Learning Target 36 -3 Review Discuss the milestones in language development. § Language development’s timing varies, but all children follow the same sequence. § Receptive language (the ability to understand what is said to or about you) develops before productive language (the ability to produce words). § At about 4 months of age, infants babble, making sounds found in languages from all over the world. § By about 10 months, their babbling contains only the sounds found in their household language.
Learning Target 36 -3 Review cont. Discuss the milestones in language development. § Around 1 -year, children begin to speak in single words. This one-word stage evolves into the twoword stage (telegraphic speech) utterances before the 2 nd birthday, after which they begin speaking in full sentences.
Learning Target 36 -3 Review part III Identify the critical period for acquiring language. § Childhood represents a critical period for language learning; lack of exposure to a spoken or signed language by age 7 results in an inability to master any language. Deaf children born to hearing, nonsigning parents often demonstrate the impact of early language experiences.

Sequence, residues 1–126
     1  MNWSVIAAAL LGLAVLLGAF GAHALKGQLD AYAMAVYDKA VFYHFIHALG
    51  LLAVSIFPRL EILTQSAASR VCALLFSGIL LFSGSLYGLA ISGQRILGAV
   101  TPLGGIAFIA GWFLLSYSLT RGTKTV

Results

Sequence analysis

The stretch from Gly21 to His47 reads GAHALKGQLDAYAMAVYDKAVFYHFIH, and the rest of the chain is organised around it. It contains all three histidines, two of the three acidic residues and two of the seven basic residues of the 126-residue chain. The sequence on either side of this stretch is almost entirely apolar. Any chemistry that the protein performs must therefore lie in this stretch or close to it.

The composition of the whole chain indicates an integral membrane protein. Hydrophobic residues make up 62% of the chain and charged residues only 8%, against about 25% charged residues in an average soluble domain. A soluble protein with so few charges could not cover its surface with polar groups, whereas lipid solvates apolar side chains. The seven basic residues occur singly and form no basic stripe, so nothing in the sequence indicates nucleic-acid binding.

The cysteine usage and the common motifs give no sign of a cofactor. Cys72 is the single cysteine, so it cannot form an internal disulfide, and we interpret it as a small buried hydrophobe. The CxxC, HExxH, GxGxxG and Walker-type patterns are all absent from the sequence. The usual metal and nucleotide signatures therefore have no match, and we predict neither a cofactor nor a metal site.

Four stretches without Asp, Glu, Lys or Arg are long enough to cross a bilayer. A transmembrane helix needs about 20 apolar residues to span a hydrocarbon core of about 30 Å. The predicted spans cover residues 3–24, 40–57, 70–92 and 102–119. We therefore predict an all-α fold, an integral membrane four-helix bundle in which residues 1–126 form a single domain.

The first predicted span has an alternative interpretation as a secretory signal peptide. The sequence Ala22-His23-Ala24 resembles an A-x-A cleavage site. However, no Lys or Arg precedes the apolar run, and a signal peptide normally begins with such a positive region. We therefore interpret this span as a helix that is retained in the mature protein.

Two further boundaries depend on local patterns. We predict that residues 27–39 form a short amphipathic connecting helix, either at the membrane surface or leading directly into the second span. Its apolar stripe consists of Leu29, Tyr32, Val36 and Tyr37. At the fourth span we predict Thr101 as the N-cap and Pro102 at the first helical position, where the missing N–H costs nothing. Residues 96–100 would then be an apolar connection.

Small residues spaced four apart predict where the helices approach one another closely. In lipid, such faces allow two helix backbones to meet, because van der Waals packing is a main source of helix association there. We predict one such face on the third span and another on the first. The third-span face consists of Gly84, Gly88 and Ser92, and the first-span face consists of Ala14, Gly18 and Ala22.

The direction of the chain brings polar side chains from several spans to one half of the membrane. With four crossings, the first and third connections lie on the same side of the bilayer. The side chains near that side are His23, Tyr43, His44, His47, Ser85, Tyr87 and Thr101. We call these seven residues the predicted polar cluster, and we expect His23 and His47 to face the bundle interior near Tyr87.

Learning Target 36 -4 Review Discuss the brain areas that are involved in language processing and speech. § Two important language- and speech-processing areas are Broca’s area, a region of the left frontal lobe that controls language expression, and Wernicke’s area, a region in the left temporal lobe that controls language reception (and also assists with expression). § Language processing is spread across other brain areas as well, where different neural networks handle specific linguistic subtasks.
Learning Target 36 -5 Review Describe the relationship between thinking and language, and discuss the value of thinking in images. § Whorf’s linguistic determinism hypothesis suggested that language defines thought; it may be more accurate to say that language influences thought. § Different languages embody different ways of thinking, and immersion in bilingual education can enhance thinking. § We think in images when we use nondeclarative memory which can increase our skills when we mentally practice upcoming events.